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March 11, 2021, marked one year post-COVID-19 was declared a pandemic and it has disrupted all aspects of our lives. One year on, we have seen and experienced the changes that came with the pandemic.
We also know that things will remain changed for some time. We have adjusted the way we live our lives, our routines and our habits. We now know that we shouldn’t leave the house without a mask, because it is one of the best ways to reduce the spread of the virus.
We now know that we have to maintain our distance from friends, family and people we meet in the streets, and that hand sanitisers are the next best thing to soap and water for keeping our hands clean.
We have also developed ways for coping with the barrage of information on COVID-19 and relaying what is important to our children.
Some of us are still working from home and many of us are struggling to juggle both work and home-schooling responsibilities since our children have not resumed full-time face-to-face classes.
The first case of COVID-19 in Jamaica was confirmed on 10th March 2020, since then, the government has taken measures to stop the spread of the virus. One year post-COVID-19, where are we with COVID-19 and our children?
One Year Post COVID-19, Where Are We Now?
As of March 12, 2020, the data from the JAMCOVID website of the Ministry of Health and Wellness, show that 22,265 people have been infected with COVID-19. Of that number, 1,144 are children between the ages 0 to 9 years old and 1,691 are between the ages of 10 to 19.
Whilst the number of confirmed cases passed the 10,000 mark in November 2020, the number of deaths has remained low. Unfortunately, 409 people have lost their lives as a result of the virus, of that number, 1 child died in the 0 to 9 age group and 3 in the 10-19 age group.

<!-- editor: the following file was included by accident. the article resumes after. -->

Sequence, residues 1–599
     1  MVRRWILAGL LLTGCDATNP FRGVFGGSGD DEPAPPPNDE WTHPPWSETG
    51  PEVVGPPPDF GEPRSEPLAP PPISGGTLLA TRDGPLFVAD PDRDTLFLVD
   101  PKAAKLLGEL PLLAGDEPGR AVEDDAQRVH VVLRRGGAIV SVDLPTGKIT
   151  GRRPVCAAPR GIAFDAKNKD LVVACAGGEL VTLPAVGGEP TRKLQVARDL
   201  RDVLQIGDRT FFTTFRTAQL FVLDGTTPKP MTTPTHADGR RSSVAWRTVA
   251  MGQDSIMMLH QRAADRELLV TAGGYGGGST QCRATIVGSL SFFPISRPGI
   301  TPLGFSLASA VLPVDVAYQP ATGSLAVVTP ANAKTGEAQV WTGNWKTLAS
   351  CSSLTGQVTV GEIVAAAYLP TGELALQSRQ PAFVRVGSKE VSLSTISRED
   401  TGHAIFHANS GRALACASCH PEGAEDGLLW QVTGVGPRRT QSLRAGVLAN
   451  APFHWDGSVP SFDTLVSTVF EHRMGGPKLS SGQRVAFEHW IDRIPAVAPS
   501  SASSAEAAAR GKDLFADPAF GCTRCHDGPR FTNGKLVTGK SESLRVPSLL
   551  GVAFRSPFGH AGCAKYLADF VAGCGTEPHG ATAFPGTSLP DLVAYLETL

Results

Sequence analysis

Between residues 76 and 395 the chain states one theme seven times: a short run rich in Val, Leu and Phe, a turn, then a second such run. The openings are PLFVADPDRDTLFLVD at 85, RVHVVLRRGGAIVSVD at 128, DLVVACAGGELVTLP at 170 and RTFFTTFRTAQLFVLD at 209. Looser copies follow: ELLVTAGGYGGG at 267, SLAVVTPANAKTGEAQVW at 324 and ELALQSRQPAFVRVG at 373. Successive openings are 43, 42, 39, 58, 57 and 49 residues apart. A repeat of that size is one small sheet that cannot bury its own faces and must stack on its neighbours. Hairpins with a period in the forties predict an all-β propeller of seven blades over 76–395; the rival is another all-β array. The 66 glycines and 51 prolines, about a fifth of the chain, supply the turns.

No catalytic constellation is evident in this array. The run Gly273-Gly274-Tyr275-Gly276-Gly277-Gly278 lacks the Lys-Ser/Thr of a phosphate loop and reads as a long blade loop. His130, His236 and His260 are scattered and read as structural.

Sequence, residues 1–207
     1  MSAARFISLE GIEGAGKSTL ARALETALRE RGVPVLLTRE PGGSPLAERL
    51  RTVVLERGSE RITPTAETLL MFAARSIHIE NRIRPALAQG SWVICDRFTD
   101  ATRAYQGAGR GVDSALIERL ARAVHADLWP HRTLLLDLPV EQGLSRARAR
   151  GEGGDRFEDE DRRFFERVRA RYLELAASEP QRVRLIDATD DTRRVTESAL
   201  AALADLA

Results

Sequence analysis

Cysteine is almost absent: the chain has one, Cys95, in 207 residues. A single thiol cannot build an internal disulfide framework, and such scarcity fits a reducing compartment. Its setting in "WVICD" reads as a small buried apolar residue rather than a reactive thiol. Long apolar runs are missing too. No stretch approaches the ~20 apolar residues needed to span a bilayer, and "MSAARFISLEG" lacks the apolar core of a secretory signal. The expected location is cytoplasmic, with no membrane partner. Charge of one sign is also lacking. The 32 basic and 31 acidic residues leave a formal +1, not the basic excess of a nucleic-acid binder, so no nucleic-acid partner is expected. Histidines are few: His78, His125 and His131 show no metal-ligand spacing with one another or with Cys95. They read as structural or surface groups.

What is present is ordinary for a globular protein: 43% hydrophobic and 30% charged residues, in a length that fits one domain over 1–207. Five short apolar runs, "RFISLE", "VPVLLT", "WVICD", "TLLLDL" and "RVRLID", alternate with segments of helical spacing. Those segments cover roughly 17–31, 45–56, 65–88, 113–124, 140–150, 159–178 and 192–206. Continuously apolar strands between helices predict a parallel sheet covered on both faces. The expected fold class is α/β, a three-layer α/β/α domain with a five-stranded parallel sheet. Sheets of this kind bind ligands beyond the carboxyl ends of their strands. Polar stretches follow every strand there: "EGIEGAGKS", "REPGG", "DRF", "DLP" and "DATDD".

Based on these numbers, the COVID-19 infection rate in children is 12.7% while the rate of infection in the general child population is 0.35%.
These numbers in Jamaica are consistent with global data on the infection and transmission of the virus in children which show a lower rate of transmission and spreading of the virus.
According to the Centre for Disease Control in the USA, less than 10% of COVID-19 cases were in children 5-17 years old.
A study in Iceland showed that children were half as likely as adults to spread and transmit the virus and in the United Kingdom, a report shows that younger children were less susceptible to being infected with the virus and less likely to spread it to other children and adults; additionally, if infected, children between ages 1-18 had lower rates of hospitalisation and death than other groups.
One year post-COVID-19, the increased number of positive cases has caused schools to remain closed. After spikes in the population in some schools that were approved for face-to-face reopening, the government decided that the risk was too great and ordered that all schools discontinue face-to-face schooling except for those that cater to children who are sitting exit exams.
This order will be in effect until the 22nd March, 2021. While parents hope for the best, there is no telling if and when children will be able to return to the classroom for this year.
Are Vaccines the Answer?
Whilst the launch of the vaccination programme provides some optimism that schools could return to face-to-face, it is yet to be seen if this will be the case for this year.
Although teachers are on the list of priority groups to receive the vaccine, there is still a worrying rate of vaccine hesitancy among the population.
A PAHO study showed that only 35% of Jamaicans were willing to take the vaccine. If the government does not succeed in convincing the population of the efficacy and safety of the vaccine, then all the efforts to bring the pandemic under control will be in vain and our children will possibly miss another full year of school.